It was a challenge for the visitors to just secure possession as Brian Kelly took time to settle into the first half while Monaghan were using it as an offensive weapon, picking out targets as they made a move into space or by going all the way over the top.
It’s a recurring criticism of this Kerry management, that there just doesn’t seem to be a kick-out strategy to get you a few guaranteed possessions when you’re under severe pressure.
Strangely (or perhaps, impressively) it was the Kerry newcomers who ensured Monaghan never quite got out of reach. They fought on their backs to hold on for dear life when things looked like they were slipping away from them.
Tom O’Sullivan, Gavin White, Sean O’Shea, and 19-year-old Clifford were the ones who stood up and displayed the type of leadership you would have expected from some more established guys.
But they weren’t in anyway intimidated or overawed by the bleakness of the situation they found themselves in. They kept plugging away. A tackle and turnover here. A score there.
It all added up.
Perhaps, their fight and relentlessness got them a result that the quality of their performance scarcely deserved.
Certainly, Monaghan will feel hard done by. They had done the work. They kept Donaghy virtually anonymous on the edge of the square and kicked 1-17 into the bargain.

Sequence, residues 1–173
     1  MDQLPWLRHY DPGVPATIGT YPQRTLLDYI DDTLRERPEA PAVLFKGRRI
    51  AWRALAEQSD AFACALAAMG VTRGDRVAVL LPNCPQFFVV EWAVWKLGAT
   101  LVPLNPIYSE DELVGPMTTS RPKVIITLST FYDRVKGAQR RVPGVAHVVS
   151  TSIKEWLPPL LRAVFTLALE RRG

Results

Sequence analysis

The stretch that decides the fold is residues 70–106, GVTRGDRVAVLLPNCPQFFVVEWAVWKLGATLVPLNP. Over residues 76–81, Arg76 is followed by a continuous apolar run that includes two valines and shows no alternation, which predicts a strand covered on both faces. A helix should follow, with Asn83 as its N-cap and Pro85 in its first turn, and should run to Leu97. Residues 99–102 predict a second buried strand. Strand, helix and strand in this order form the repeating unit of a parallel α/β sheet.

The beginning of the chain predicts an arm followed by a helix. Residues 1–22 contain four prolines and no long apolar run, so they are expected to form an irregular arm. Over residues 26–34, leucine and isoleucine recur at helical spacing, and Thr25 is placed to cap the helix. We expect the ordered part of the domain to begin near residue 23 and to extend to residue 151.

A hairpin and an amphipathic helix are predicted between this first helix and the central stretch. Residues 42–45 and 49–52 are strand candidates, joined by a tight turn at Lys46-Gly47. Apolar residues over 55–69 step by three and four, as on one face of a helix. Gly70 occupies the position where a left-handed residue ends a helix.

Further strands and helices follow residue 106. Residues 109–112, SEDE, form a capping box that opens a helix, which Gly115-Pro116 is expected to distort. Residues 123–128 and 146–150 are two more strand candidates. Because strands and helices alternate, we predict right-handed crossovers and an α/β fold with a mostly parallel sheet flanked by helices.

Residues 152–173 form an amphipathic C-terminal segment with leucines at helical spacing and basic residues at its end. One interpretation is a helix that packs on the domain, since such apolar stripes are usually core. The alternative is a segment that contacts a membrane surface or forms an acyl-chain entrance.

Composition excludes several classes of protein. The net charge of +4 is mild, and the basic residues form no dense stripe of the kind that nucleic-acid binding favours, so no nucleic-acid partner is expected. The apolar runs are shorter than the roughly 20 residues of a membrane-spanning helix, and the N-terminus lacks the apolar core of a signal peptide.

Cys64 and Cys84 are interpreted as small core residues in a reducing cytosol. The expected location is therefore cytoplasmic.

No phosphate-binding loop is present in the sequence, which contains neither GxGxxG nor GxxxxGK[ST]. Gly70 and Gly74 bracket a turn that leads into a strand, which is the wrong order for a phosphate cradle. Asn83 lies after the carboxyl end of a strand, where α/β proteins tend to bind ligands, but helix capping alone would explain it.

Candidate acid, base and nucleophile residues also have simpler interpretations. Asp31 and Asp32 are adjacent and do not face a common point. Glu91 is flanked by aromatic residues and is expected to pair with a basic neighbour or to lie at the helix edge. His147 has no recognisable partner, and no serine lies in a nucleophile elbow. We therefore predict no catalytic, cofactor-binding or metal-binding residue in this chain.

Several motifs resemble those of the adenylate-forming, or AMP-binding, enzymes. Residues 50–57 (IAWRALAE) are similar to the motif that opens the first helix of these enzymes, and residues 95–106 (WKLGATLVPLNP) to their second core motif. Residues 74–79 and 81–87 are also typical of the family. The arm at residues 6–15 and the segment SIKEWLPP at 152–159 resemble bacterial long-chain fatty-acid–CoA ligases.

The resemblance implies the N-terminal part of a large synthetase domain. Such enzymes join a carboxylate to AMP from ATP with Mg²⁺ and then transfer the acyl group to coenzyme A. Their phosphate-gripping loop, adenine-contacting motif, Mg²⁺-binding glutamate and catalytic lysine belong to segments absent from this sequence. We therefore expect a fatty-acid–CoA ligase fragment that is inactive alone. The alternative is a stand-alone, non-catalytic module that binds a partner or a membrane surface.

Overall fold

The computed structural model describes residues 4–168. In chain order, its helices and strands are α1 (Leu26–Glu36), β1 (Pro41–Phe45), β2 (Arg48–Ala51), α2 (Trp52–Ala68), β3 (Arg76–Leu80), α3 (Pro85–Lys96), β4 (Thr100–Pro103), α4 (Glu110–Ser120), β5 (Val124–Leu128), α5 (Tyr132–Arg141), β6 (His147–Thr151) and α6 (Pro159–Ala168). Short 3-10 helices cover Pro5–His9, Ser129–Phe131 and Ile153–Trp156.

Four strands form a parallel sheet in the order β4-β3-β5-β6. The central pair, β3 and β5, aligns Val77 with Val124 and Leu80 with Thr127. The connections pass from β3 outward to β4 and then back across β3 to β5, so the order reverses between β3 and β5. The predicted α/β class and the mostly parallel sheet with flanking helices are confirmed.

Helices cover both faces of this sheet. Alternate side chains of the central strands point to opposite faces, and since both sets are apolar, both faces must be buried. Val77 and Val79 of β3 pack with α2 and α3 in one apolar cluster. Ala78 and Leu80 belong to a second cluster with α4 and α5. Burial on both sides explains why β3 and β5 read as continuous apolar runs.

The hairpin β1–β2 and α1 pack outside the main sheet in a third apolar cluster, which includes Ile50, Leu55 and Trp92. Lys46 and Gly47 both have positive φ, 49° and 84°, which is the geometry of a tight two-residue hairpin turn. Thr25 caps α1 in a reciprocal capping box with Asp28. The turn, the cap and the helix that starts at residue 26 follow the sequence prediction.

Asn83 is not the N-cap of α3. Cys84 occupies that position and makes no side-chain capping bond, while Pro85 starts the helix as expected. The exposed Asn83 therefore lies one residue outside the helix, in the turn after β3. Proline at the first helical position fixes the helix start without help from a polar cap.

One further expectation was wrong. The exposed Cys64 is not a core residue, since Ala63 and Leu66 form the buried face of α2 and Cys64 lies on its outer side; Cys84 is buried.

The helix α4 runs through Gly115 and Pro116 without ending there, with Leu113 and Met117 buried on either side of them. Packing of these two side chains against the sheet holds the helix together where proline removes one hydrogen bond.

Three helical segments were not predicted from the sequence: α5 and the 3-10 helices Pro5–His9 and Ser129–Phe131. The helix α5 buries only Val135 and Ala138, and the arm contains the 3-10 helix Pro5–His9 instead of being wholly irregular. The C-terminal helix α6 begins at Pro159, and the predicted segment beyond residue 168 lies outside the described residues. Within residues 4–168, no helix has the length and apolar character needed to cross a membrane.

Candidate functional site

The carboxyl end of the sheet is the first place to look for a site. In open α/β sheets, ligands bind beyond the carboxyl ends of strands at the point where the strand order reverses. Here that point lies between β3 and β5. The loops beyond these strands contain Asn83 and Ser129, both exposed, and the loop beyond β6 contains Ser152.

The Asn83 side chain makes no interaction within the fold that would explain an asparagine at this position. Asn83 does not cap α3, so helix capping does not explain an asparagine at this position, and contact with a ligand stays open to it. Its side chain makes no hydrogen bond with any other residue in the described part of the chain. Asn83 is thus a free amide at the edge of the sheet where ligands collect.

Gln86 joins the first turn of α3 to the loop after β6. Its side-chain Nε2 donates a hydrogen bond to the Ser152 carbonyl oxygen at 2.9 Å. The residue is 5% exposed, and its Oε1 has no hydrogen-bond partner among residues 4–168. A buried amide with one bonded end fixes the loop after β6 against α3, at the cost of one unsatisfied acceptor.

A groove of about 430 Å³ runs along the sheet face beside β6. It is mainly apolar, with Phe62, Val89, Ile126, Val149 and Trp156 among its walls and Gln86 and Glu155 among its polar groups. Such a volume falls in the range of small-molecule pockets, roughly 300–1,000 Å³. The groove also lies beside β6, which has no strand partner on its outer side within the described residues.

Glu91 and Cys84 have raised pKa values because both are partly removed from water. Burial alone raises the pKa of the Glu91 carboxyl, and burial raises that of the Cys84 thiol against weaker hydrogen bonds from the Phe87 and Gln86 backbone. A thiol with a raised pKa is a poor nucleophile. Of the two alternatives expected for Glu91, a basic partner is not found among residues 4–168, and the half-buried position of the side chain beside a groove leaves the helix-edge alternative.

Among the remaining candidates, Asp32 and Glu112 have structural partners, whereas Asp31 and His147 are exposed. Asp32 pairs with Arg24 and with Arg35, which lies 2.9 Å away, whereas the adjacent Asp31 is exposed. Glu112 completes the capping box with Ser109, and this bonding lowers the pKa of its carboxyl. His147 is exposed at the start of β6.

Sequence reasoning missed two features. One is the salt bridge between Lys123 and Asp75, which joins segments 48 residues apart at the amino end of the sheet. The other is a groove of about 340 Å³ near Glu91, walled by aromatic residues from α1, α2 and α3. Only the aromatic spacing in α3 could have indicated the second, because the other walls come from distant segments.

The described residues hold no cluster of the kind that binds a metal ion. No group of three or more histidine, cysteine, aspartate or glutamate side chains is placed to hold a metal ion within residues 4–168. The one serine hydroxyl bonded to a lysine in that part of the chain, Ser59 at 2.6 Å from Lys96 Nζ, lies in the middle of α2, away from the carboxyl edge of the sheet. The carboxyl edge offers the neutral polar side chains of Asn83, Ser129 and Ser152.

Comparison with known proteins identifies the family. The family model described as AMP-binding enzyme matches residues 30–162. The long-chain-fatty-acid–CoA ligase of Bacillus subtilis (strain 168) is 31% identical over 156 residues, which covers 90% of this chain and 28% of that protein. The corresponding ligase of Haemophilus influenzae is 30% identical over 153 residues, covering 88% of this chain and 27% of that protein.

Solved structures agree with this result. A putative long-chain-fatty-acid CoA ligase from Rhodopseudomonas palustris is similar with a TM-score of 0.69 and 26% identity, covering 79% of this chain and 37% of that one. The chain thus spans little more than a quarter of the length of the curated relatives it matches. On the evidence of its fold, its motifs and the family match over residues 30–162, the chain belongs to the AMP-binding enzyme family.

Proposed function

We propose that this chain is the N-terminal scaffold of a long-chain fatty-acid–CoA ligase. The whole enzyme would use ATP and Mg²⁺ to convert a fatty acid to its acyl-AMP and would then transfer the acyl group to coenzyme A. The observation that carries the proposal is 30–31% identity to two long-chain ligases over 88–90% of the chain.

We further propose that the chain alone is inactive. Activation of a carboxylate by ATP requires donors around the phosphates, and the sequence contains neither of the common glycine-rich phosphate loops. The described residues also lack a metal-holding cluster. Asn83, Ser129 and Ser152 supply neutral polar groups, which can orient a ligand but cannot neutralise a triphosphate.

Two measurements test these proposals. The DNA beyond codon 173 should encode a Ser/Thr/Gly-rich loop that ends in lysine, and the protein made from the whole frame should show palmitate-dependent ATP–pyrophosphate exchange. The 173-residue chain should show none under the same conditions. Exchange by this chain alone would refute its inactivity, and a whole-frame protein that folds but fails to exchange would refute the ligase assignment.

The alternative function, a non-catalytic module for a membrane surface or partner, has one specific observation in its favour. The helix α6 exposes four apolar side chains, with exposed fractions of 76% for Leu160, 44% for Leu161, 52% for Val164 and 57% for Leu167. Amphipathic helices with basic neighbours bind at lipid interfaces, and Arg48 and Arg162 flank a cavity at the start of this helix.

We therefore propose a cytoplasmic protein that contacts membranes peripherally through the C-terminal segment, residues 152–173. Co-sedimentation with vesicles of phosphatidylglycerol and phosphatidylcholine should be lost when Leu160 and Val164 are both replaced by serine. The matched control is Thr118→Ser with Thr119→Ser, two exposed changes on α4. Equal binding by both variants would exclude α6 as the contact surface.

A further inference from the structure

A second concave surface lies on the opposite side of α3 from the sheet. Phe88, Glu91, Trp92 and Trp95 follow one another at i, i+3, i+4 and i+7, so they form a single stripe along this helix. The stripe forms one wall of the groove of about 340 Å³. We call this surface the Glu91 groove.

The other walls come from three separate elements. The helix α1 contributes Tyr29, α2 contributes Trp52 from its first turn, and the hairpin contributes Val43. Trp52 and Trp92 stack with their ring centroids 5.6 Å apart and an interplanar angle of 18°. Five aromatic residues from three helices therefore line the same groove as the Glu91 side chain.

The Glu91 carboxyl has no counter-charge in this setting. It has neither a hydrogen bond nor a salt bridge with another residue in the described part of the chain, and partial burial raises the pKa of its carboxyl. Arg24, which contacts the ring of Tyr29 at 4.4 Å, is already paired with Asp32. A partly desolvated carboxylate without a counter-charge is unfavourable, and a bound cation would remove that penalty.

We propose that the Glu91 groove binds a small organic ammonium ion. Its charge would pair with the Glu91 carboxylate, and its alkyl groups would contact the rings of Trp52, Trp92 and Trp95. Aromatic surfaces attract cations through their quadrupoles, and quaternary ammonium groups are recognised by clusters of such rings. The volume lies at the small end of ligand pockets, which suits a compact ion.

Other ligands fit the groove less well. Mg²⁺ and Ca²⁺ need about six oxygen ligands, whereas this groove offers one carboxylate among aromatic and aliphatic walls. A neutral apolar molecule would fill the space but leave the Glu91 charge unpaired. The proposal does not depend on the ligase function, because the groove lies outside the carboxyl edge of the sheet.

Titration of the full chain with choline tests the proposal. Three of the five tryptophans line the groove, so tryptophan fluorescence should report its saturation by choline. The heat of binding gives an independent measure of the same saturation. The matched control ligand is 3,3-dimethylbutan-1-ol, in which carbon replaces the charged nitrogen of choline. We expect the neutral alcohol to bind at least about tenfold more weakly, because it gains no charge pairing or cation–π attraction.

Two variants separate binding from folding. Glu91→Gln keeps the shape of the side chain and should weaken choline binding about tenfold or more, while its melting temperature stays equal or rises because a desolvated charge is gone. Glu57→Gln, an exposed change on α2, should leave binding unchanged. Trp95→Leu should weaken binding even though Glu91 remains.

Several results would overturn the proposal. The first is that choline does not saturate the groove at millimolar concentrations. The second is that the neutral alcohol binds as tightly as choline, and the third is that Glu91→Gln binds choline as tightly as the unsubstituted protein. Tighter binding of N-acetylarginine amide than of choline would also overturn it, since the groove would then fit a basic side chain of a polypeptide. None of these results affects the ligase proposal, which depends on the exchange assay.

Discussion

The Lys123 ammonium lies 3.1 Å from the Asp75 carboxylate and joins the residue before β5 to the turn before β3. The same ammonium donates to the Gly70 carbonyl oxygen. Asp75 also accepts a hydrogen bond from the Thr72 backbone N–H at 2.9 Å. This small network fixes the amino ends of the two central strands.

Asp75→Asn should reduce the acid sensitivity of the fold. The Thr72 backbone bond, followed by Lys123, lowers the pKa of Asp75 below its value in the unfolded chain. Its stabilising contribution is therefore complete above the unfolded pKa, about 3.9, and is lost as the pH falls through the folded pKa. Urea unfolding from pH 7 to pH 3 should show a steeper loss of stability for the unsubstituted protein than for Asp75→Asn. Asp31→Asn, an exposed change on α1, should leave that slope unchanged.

And they missed at least another 10 scoreable chances, including a butchering a simple opportunity at the very death. They had Kerry on the edge of the cliff but just couldn’t push them over.
After facile wins over Clare and Cork, Kerry have learned more in the past two games that they did in the previous six months.
This has been like a run through the qualifiers and slowly but surely, they are discovering more about themselves with each passing game.
If Galway take care of business against Monaghan in Salthill in a fortnight (which is no guarantee) and Kerry cover the scoring difference against a Kildare side that will be without their most effective inside forward, they could very well find themselves with a week to prepare to face Dublin in an All-Ireland semi-final.
As daunting as that may appear given current form, it is more appealing that the prospect of playing Kildare in a meaningless dead rubber, while Galway and Monaghan did a similar dance in Salthill.
Clifford’s goal not only sustained Kerry’s involvement in the Championship, it sustained the competition itself and kept the Super 8s living and breathing.